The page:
But back to the build system: My very incomplete understanding of the example of implementing a redis command that you provide is that this also required reworking some of the Makefiles. This is expected of course but I doubt a little that you can just throw in zig into any sized decades old codebase without issues. It might still be easier than to integrate with Rust/cargo but there is work there either way. And so far having a custom build.rs that uses the cc and/or cmake crate has provided good build support for the things I attempted.

            And don’t get me wrong, I like zig and the approach it takes. The compile time meta programming is really cool and the focus on a fast and versatile toolchain is great. I definitely want it to succeed and to offer a real “systems programming” alternative.

        1. 8

          As someone whose written Lisp, Ruby, and Node on one side, and Go and Haskell on the other, I’ve always been curious about this apparent split between strongly typed languages and languages with really good interactive connect-to-production drop-into-a-useful-debugger-on-crash REPLs. Is this intrinsic to the language, or just a result of differing focuses on the tooling?

          I’m currently leaning towards “this is just a side effect of tooling focuses”, although I have yet to see even a really compelling UX sketch for a debug-it-in-prod REPL for a typed language. (For example, what would it mean to rebind a name to a value of a different type while paused computations may still refer to that name after resuming?)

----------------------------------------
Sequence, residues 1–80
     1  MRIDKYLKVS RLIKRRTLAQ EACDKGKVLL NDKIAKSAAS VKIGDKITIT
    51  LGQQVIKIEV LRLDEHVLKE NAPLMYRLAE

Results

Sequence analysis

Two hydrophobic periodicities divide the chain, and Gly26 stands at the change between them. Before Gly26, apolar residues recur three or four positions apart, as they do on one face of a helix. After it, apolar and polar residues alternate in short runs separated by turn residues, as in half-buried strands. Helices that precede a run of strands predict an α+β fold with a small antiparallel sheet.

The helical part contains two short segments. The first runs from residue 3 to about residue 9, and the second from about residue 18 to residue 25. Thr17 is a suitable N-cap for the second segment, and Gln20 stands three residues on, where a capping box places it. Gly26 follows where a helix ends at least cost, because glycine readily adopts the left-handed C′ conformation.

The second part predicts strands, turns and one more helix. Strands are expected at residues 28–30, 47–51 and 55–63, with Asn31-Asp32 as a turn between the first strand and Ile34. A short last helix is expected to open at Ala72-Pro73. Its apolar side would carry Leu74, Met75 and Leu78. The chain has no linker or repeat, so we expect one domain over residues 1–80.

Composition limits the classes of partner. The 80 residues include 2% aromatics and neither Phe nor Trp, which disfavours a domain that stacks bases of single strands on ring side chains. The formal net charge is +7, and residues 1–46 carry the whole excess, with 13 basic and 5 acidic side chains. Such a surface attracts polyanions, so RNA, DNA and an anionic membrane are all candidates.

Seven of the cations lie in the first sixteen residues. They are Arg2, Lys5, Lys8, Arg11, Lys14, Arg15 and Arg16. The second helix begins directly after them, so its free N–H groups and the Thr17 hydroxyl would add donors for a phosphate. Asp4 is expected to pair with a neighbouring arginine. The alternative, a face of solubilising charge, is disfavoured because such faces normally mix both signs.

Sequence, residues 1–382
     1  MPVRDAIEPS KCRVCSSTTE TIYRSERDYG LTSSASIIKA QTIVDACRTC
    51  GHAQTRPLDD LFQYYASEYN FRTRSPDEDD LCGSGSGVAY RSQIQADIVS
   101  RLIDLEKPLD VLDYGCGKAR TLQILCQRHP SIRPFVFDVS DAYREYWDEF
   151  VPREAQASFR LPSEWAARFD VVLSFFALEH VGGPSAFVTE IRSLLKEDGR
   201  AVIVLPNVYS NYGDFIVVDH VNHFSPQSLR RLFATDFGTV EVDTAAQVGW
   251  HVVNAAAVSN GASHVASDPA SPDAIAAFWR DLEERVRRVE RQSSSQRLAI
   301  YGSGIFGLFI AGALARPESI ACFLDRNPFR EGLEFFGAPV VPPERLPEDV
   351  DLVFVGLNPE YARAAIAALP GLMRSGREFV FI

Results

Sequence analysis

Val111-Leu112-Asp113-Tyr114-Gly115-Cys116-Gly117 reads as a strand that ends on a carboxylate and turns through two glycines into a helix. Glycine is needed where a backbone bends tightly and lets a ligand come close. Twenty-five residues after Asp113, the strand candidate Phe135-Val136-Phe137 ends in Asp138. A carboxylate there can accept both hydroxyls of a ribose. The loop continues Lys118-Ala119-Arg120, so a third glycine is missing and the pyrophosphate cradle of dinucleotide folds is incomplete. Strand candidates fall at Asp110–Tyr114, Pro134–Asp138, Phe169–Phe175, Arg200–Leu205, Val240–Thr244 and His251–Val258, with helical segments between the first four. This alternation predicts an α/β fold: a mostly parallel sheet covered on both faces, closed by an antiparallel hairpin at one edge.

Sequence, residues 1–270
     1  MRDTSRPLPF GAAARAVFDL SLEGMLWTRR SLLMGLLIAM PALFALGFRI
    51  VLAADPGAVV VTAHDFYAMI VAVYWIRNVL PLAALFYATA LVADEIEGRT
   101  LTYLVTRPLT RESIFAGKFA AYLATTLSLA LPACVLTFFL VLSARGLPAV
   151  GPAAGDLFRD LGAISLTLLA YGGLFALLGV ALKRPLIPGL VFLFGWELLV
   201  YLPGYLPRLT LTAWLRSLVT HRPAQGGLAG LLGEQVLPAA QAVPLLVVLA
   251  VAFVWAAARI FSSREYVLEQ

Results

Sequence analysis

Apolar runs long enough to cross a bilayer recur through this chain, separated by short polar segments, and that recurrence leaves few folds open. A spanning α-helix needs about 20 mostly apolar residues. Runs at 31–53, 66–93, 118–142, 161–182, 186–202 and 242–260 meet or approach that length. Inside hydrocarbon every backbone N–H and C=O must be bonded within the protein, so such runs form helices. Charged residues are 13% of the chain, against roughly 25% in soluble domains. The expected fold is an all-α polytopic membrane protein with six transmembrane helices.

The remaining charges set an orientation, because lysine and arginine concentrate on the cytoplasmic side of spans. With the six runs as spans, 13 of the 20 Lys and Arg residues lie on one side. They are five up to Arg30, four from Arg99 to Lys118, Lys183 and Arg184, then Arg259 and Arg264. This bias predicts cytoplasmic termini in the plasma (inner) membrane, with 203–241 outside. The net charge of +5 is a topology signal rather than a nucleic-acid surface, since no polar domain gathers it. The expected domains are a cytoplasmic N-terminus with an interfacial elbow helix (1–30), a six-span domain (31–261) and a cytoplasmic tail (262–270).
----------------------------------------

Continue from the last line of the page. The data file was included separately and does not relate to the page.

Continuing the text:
1. 5

            It depends what you mean by “debug”. If you want to inspect values, execute functions, modify value of same type - that’s supported by a lot of languages. GDB will let you do all three.

            But the idea of using a value of a different type is… interesting. I don’t see why would you ever want to do that in production. You can of course replace an object with a vtable-compatible one. (Or however your language does dispatch) But a completely different type? Technically: You’d need to also replace all the following functions to match the change and all places which produce that value. Practically: Why not take a core dump and debug this outside of production instead?

            (An incompatible type also doesn’t make sense really - the code won’t do the right thing with it in about the same way a dynamically typed language wouldn’t)

            And finally as a devopsy person I’d say: “if you feel the need to drop into a debugger in production that means we should improve tracing / logging / automated coredump extraction instead.”

            1. 2

              I’ve always been curious about this apparent split between strongly typed languages and languages with really good interactive connect-to-production drop-into-a-useful-debugger-on-crash REPLs